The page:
View attachment 174118

From Philadelphia PA

View attachment 174119


LD

Didn’t the earliest Shortland patterns have a convex side plate.?

The rapphanock muskets weren’t 42” barrels?

Agree to your point that most of them were reconfigured longlands
 

Loyalist Dave

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Didn’t the earliest Shortland patterns have a convex side plate.?
No, that idea was around for a while but Bailey hasn't ever found (iirc) an SLP with the older style side plate, nor records of such...

Of course, archaeology is subject to change...

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No, that idea was around for a while but Bailey hasn't ever found (iirc) an SLP with the older style side plate, nor records of such...

Of course, archaeology is subject to change...

LD
I think the idea of a short land with a rounded sideplate came from some 1756 pattern long lands that that were shortened to 42" barrels. I have one such Bess in my collection. It had been shortened and the nosecap and pipes moved back. You can still see the inlets from where the original pipes were. Just a guess on my part, but I would bet that's why there is some confusion about early short lands with the rounded sideplate.
 

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I think the idea of a short land with a rounded sideplate came from some 1756 pattern long lands that that were shortened to 42" barrels. I have one such Bess in my collection. It had been shortened and the nosecap and pipes moved back. You can still see the inlets from where the original pipes were. Just a guess on my part, but I would bet that's why there is some confusion about early short lands with the rounded sideplate.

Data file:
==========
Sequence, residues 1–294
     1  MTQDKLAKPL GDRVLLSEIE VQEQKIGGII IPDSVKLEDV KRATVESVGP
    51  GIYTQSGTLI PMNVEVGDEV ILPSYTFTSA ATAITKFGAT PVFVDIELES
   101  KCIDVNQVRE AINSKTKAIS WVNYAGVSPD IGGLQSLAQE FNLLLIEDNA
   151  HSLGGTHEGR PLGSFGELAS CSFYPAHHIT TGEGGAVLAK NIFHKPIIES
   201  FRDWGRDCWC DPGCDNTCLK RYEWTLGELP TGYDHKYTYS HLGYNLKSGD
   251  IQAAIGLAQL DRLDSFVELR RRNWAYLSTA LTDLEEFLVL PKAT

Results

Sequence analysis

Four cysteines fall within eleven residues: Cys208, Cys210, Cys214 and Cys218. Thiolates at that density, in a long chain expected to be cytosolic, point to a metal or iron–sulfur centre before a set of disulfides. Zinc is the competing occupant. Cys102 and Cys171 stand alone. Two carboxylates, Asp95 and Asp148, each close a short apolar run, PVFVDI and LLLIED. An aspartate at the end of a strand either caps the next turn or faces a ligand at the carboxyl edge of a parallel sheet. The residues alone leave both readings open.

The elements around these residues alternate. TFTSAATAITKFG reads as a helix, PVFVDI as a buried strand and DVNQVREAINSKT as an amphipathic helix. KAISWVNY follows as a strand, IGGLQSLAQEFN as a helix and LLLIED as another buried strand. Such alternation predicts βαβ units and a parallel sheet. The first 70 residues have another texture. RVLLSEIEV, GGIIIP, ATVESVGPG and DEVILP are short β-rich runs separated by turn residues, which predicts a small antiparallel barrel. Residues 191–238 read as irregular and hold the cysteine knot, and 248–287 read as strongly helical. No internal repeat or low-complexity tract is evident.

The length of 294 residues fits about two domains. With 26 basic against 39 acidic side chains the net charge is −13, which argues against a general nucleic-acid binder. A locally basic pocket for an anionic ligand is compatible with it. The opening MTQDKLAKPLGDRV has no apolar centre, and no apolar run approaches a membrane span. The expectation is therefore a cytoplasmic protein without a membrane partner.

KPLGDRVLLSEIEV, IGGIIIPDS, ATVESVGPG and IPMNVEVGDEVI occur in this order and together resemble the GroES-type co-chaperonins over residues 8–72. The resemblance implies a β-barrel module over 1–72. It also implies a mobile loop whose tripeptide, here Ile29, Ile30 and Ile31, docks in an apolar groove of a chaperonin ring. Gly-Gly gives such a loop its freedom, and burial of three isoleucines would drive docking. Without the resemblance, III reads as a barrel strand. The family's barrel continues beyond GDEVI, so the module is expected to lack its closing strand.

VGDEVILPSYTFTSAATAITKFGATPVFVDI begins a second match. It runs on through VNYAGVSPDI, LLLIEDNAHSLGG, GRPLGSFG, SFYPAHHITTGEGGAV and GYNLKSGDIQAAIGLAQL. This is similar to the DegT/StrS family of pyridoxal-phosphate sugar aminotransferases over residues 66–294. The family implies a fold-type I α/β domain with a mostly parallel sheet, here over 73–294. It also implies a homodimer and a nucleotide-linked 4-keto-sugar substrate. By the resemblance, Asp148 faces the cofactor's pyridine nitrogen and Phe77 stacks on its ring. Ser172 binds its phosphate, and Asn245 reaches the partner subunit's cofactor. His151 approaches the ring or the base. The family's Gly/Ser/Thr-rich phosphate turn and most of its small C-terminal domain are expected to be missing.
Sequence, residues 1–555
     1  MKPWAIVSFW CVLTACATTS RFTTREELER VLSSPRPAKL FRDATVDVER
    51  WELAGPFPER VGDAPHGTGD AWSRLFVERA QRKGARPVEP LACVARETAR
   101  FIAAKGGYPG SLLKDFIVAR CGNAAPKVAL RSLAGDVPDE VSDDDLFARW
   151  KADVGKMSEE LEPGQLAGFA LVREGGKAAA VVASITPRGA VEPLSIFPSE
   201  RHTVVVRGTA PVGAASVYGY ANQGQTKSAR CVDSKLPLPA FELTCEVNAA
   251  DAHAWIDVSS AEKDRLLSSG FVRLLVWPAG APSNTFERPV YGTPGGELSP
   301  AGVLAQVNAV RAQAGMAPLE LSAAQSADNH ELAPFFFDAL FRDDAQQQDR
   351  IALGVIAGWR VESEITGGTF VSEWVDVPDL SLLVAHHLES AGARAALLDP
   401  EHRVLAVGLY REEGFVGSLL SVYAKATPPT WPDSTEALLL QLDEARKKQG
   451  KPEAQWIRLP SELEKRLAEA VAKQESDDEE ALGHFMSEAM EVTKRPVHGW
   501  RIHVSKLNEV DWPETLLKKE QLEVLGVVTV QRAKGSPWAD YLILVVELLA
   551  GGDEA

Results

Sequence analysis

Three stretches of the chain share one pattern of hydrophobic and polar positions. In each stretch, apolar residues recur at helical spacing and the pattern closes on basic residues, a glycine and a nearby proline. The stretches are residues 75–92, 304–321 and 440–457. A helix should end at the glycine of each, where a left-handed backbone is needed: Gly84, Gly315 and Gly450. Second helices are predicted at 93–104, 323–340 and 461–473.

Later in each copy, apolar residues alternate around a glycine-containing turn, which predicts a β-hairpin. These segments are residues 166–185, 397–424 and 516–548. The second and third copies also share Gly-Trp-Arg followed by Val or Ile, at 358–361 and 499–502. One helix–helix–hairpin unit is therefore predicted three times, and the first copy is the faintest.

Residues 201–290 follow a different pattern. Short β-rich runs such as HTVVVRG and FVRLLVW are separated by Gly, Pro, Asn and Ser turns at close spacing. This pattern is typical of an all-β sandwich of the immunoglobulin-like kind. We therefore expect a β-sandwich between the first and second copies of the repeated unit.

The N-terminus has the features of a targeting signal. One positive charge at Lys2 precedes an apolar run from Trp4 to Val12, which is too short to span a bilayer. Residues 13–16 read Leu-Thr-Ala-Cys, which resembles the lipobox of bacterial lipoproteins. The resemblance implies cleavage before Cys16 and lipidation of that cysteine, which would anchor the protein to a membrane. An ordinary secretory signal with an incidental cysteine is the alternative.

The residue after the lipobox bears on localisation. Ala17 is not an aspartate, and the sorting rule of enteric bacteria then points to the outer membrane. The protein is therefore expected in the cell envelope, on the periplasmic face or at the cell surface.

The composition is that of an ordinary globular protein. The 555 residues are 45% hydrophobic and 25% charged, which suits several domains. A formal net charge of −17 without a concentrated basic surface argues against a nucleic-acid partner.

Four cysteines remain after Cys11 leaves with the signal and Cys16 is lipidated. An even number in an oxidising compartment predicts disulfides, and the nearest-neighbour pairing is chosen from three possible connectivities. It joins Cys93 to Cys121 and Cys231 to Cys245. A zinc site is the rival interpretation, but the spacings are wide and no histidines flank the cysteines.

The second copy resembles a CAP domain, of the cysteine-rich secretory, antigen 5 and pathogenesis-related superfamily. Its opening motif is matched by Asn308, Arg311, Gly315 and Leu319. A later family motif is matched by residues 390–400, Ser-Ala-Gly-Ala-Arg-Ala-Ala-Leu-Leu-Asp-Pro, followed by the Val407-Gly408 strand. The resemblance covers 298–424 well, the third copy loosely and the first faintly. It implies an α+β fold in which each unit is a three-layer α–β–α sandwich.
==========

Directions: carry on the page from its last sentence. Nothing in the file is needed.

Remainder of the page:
That’s possible.

Other variants of the 42” Brown Bess Muskets were made with rounded side plates.

Early dragoon muskets, light infantry fusils and marine and milita muskets.

I could imagine that SOME early short lands had uses left over surplus convex side plates as they were designed to fit the 1755 lock, its plausible but not likely in very high numbers.
 

Loyalist Dave

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I think the idea of a short land with a rounded sideplate came from some 1756 pattern long lands that that were shortened to 42" barrels. I have one such Bess in my collection. It had been shortened and the nosecap and pipes moved back. You can still see the inlets from where the original pipes were. Just a guess on my part, but I would bet that's why there is some confusion about early short lands with the rounded sideplate.
That and the very similar "small run" muskets that some of the more wealthy military men had made, paid from their own funds that were Bess-esque, that were later approved by the military, so not very obvious they are not "officially" one model or another. Some of the British militia muskets are similar to the SLP Bess, and there is a cavalry carbine that is older, but similar and thought to be the ancestor of the SLP pattern.

LD